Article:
A team of researchers wants to sell guilt-free lab grown meat in five years. It’s pretty darn cheap already and will get even cheaper.
Meat is strongly embedded in many cultures. We eat meat for many reasons — it’s nutritious, it’s easy to prepare, and we’re used to it. However, it comes at a great cost, one that most people are not aware of. Aside from the evident moral reason (you kill an animal to eat it — an animal which most likely spent its entire life in miserable conditions), there are also health and environmental aspects to consider. Red meat especially has been linked to a number of medical conditions, from cancer to bowel problems. The environmental price is even greater. A recent comprehensive study found that sustainable eating (particularly, eating less meat) could reduce your personal emissions and land use footprint by 70–80% and your embedded water consumption by 50%. Add in the fact that we kill over 50 billion animals every single year and you start to see why meat is such a big problem.
Artificial meat has been discussed for years, and we were quite excited when the first lab-made hamburger was created in 2012, coming at a hefty price of $325,000. Of course, at that time it was just a proof of concept, and reportedly not very tasty either. But now, a Dutch start-up called Mosa Meat has already reached spectacular performances — tasty, lab-meat burgers for just over $11.
“And I am confident that when it is offered as an alternative to meat that increasing numbers of people will find it hard not to buy our product for ethical reasons,” Peter Verstrate, head of Mosa Meat, told the BBC.
Unlike the first burger, which was made completely of muscle, this one is made from stem cells and is already much more eco-friendly than conventional beef, requiring 55% less energy use, producing 25 times less emissions and requiring 100 times less land use. Considering that it’s been only five years since the first artificial-meat burger was created and the price has already gone down so much, lab meat is becoming an interesting prospect for the future.
Yet while clean beef is now closer than ever to appearing on restaurant menus and in grocery stores, Mosa Meat still has some work to do. They’re now working on bringing the taste and texture as close to the real thing as possible, but also healthier. They’re adding healthy fats to it, as well as cheap ingredients that could help the beef’s shelf life, taste, and color. Of course, while a spectacular improvement, $11 is still more expensive than what consumers are used to. But Verstrate believes that if they can scale up production accordingly, that will help bring down the price to a competitive $3.60 per pound. If it goes that low, then it can definitely fight its way onto the market.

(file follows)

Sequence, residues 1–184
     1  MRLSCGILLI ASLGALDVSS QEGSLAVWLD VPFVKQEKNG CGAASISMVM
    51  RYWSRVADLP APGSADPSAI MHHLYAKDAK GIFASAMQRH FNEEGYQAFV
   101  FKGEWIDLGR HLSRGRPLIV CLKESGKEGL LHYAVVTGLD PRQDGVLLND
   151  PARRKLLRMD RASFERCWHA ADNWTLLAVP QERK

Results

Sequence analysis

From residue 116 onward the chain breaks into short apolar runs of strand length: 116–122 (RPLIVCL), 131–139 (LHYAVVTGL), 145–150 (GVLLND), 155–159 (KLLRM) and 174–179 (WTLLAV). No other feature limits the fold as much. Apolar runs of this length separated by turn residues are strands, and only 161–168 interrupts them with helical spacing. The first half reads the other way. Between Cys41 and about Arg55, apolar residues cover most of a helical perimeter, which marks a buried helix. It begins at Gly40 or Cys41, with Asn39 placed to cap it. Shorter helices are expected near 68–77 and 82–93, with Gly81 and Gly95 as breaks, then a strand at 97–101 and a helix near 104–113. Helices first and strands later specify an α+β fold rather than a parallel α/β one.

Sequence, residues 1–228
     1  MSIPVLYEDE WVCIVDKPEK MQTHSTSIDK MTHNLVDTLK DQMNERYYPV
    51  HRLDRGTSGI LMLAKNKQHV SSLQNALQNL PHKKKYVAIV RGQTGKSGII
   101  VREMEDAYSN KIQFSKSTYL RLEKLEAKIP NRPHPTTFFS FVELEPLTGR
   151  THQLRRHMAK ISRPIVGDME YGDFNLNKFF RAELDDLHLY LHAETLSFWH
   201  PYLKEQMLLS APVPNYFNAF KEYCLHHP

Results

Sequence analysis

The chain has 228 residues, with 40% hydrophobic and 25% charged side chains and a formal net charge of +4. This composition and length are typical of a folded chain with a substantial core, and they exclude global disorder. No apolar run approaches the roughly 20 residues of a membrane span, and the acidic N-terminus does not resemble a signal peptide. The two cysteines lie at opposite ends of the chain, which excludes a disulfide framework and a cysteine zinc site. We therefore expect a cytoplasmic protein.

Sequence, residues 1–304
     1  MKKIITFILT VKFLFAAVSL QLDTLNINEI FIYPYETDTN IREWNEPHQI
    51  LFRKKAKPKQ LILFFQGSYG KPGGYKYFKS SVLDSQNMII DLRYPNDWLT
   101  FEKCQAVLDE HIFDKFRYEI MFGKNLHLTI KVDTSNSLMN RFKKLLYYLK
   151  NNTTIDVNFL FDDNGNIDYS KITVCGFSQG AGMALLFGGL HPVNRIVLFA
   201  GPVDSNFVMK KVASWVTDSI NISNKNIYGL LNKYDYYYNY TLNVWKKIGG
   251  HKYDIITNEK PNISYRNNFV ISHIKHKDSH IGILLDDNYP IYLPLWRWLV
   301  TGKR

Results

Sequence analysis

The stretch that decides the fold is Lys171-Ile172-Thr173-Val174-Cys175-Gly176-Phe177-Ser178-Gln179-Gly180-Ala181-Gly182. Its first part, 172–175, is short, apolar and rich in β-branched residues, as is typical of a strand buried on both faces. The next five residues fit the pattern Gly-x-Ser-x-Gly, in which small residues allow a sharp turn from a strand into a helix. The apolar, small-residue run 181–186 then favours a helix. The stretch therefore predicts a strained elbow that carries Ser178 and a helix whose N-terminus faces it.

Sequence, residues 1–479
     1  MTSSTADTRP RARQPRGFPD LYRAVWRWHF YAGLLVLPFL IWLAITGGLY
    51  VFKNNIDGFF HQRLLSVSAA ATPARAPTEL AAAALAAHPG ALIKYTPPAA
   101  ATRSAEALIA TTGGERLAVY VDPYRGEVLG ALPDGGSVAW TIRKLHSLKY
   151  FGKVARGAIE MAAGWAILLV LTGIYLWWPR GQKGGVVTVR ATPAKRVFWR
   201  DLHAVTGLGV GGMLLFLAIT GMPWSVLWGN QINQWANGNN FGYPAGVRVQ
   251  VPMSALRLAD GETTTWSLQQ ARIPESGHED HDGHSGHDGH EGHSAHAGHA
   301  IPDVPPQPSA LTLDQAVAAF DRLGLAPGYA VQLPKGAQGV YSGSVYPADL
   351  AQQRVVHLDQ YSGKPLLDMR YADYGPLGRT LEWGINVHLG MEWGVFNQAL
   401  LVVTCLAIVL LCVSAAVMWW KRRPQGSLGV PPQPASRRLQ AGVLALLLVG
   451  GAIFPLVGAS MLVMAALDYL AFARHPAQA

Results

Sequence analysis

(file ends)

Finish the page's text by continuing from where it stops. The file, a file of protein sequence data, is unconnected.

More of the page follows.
“I feel extremely excited about the prospect of this product being on sale. And I am confident that when it is offered as an alternative to meat that increasing numbers of people will find it hard not to buy our product for ethical reasons”.
There are also regulatory hurdles to pass. Just like any new drug or food, the company has to get plenty of approvals and regulatory green lights before they can put their product on the shelves. But the governments of the UK and Netherlands have already given their support and ensured Mosa Meat that meat lobbyists will not destroy the product in its regulatory phases.
There will be plenty of opposition to this idea but hey — if you could eat something that’s basically a burger, tastes like a burger, and is better for you and the planet… why wouldn’t you?
Andrei's background is in geophysics, and he's been fascinated by it ever since he was a child. Feeling that there is a gap between scientists and the general audience, he started ZME Science -- and the results are what you see today.